Feline Hyperthyroidism: Symptoms and Treatments

Published: Wednesday, October 10, 2012 at 03:07 PM.

 

 

Is your middle-aged cat experiencing increased thirst,appetite, and urination?  Is your furry friend losing weight or has a change in behavior?  If so, your family cat may have hyperthyroidism.

This common disease is caused by an overproduction of thyroid hormones, called T3 and T4, due to dysfunction of the thyroid glands in the cat’s neck.  There are two of these glands, on either side of the windpipe. Both glands are usually affected, but this is not always the case. The symptoms mentioned previously are not the only signs of hyperthyroidism; other symptoms include vomiting, diarrhea, and a matted or greasy coat.  These signs start slowly and many owners may not initially realize that something is wrong, said Dr. Audrey Cook, associate professor at Texas A&M College of VeterinaryMedicine & Biomedical Sciences (CVM).

“A drop in body weight is often the first clue that a cat is suffering from hyperthyroidism, which is one of the reasons why regular vetvisits are so important in older cats,” Cook said.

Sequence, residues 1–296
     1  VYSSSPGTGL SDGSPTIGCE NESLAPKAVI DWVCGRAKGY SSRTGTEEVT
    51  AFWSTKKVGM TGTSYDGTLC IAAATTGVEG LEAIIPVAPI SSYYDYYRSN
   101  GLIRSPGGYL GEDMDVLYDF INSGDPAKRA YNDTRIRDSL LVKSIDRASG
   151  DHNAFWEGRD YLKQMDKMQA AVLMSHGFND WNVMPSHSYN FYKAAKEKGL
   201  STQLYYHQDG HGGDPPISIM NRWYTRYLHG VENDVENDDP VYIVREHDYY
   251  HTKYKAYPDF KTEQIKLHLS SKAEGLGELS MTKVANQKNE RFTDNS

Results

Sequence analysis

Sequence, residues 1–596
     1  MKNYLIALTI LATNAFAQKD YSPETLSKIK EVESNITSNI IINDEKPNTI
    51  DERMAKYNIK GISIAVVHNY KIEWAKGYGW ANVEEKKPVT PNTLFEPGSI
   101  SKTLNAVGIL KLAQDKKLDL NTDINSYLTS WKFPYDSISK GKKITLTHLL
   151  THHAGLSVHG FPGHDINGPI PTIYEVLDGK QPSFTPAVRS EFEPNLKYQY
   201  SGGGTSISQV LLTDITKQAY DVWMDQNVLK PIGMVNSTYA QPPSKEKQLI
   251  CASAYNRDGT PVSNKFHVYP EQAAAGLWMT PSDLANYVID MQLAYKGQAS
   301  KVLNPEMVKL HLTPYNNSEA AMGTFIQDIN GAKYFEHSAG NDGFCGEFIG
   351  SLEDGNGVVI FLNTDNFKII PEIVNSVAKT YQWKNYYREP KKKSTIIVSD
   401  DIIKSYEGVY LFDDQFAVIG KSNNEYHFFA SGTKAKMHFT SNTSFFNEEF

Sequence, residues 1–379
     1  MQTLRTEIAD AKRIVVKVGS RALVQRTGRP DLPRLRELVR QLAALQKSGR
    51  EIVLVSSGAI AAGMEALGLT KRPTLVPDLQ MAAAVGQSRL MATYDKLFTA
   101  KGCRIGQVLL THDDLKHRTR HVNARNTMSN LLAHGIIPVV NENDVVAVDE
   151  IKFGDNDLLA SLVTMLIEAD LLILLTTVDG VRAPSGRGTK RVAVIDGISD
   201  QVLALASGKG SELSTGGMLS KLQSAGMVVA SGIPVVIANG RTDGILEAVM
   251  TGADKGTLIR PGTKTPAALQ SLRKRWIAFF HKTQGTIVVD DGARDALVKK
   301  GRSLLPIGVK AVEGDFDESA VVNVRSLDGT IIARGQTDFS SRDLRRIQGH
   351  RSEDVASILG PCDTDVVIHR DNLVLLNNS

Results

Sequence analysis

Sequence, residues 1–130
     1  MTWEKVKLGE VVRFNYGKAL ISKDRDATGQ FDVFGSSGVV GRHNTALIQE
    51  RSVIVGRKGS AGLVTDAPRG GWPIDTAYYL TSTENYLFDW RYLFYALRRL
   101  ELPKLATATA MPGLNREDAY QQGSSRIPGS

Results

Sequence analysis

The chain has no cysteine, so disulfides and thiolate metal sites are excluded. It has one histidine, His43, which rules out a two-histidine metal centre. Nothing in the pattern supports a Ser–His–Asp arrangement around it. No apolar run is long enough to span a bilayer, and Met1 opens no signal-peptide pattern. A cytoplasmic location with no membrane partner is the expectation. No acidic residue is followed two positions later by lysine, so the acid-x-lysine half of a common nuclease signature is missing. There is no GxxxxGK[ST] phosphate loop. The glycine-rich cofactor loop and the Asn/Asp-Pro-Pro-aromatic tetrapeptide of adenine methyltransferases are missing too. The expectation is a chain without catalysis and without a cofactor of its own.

If a cat starts exhibiting the symptoms of hyperthyroidism, a trip to the veterinarian will confirm the diagnosis.  The veterinarian will perform a physical examination, which will include careful examination of the neck. An enlarged thyroid gland may be palpated, but a normal exam does not rule out the possibility of hyperthyroidism. To confirm the disease, the animal’s thyroid hormone level will be checked through blood work. 

Since thyroid hormones affect most organs in the body, it is important to test a cat for the disease if it is suspected.  If left untreated, secondary problems can arise such as the heart enlargement, with an elevated heart rate.  Another problem resulting from untreated hyperthyroidism is hypertension, or high blood pressure.  Both hypertension and heart disease caused by hyperthyroidism will resolve with proper treatment of the thyroid disease. 



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